Gallerists, fairs, and private collectors have realized very rapidly that it’s critical to embrace the online art market in order to survive our current global crisis. I, too, am dealing much more online.
Additionally, I’ve invited several of my clients to private views of the gallery. Not only in order to respect the government’s social distancing guidelines but also because I feel that they enjoy the intimacy and tranquility that an exclusive viewing offers. Obviously, I’ve been very careful about which clients to invite. The virus has affected everyone to different degrees. It would be insensitive to invite someone who is suffering from health or financial difficulty.
It also has to be mentioned that, no matter our online advances, digitalization cannot replace a conversation in person. The enthusiasm and ideas generated by viewing art in person just don’t readily translate online.
Many art fairs have moved this year’s fairs online. As a participant and creator of Munich Highlights fair, do you think that this will be the norm in the future?
We actually enjoy several advantages that other larger fairs may not have. All of our most important exhibitors and clients are from Germany, or neighboring countries. These are all economically stable countries, regardless of our current crisis. Furthermore, we don’t have to contend with travel restrictions, which is a huge advantage. The fair is truly European.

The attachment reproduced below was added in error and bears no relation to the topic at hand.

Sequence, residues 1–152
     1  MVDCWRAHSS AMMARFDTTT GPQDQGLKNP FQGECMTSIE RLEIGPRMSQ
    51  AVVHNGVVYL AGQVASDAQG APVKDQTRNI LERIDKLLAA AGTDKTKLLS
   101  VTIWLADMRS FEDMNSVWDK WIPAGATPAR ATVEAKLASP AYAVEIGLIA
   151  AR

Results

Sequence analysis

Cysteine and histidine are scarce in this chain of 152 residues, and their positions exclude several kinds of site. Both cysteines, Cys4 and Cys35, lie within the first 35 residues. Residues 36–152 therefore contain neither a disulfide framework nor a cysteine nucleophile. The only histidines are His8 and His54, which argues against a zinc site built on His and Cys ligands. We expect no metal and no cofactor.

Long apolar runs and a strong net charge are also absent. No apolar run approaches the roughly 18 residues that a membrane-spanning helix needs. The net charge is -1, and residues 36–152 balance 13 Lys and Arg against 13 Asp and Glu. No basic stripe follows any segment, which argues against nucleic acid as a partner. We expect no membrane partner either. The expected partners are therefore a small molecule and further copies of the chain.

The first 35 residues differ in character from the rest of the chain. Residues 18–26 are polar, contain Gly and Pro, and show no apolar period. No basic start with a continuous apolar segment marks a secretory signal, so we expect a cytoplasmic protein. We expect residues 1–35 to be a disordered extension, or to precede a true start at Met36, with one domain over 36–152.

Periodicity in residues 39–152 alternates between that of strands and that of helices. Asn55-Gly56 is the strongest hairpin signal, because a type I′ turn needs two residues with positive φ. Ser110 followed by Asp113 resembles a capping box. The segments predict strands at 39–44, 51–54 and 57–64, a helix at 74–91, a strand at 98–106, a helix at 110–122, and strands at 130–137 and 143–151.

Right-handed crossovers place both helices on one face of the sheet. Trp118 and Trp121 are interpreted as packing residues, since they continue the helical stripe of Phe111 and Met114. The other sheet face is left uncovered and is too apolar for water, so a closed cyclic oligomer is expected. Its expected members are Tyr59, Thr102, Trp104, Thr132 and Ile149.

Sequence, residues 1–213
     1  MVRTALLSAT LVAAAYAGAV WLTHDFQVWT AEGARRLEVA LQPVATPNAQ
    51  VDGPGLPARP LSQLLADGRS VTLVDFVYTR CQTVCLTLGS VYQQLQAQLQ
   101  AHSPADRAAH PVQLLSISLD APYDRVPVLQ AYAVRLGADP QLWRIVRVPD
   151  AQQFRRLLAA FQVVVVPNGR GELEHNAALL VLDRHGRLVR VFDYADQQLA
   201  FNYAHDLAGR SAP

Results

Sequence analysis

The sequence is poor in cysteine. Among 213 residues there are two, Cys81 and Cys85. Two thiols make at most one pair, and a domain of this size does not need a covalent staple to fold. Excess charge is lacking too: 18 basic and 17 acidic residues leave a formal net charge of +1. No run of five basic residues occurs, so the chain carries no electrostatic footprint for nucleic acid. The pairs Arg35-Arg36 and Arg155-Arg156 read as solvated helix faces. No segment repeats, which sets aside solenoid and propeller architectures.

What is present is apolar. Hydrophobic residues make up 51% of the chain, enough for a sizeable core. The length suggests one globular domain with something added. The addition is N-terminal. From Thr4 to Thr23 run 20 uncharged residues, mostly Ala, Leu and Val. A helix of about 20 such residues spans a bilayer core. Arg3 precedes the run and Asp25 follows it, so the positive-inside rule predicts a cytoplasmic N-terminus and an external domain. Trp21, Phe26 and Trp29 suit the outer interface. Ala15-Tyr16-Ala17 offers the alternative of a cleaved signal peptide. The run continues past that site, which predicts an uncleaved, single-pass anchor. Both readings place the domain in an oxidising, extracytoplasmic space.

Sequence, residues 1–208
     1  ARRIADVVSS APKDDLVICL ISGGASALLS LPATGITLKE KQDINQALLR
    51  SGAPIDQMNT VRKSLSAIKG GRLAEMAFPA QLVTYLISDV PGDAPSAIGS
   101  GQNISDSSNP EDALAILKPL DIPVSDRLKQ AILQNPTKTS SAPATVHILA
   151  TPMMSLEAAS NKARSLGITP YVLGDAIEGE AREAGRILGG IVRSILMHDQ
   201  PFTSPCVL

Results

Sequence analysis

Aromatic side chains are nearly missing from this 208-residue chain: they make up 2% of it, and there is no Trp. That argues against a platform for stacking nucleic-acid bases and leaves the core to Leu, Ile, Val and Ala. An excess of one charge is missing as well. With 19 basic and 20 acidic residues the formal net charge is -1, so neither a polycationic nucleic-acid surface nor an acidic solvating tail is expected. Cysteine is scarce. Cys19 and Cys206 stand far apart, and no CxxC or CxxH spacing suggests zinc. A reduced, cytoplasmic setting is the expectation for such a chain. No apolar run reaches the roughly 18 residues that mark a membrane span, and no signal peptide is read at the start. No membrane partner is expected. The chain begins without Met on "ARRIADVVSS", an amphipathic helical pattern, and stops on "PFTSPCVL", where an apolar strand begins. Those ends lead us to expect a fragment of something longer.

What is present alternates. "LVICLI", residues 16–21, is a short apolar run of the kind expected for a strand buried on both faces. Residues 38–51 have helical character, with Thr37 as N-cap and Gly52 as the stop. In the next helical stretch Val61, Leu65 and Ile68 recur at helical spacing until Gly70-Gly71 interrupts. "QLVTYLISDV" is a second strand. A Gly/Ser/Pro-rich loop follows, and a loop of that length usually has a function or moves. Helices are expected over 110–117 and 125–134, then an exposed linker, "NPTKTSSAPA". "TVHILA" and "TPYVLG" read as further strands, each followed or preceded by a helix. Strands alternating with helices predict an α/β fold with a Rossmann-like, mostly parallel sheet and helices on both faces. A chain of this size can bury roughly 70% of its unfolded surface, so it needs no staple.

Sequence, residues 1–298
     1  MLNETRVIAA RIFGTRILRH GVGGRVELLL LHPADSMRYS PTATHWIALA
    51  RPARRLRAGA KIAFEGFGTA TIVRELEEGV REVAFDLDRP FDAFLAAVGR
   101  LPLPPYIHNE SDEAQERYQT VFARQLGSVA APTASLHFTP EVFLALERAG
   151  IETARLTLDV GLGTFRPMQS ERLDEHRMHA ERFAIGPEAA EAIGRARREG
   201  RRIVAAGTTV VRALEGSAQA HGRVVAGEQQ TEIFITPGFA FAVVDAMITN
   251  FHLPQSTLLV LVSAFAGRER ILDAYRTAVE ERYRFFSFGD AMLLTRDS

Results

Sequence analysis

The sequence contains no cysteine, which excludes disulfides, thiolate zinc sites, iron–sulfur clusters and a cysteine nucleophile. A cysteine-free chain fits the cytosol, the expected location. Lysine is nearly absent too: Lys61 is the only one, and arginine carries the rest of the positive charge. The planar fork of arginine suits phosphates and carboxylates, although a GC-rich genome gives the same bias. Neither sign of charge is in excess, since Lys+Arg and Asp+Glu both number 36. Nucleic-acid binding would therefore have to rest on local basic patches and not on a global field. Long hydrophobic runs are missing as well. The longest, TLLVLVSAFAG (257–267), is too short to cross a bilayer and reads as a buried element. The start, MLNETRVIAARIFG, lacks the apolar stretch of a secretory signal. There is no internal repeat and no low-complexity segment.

However, because of social distancing guidelines, we cannot welcome as many visitors to the fair as in previous editions, a restriction that may obviously affect sales. However, we will work closely with exhibitors to find a solution that everyone is happy with, for example, online viewing rooms.
Let’s be optimistic and imagine that we can go back to normality this autumn. What projects do you have planned for that time?
I hope that Berlin’s Positions art fair will proceed as planned. Then, of course, Munich Highlights fair as well.
Pandemic permitting, I may open an exhibition of works by Kristin Kolb before Christmas. Her oeuvre centers primarily around animals and juxtaposes the Contemporary presentation of them with that of the 19th century.
To be honest, many of my colleagues at other galleries have planned excellent exhibitions but are postponing them to a time when art lovers can actually enjoy them without fears of infection. Hopefully, that day will arrive very soon.
If you could have dinner with any 3 artists, living or dead, who would you choose?
Nineteenth-century artists are my real passion and some of them can be seen as very relevant to our current global situation. For example, Franz von Stuck, who was a self-made man.
Käthe Kollwitz should also be a guest, given that her work is very current; I am referring to its subject matter, which is social criticism.
Another very topical artist was Theodor Heine, who brilliantly portrays the fragility of time.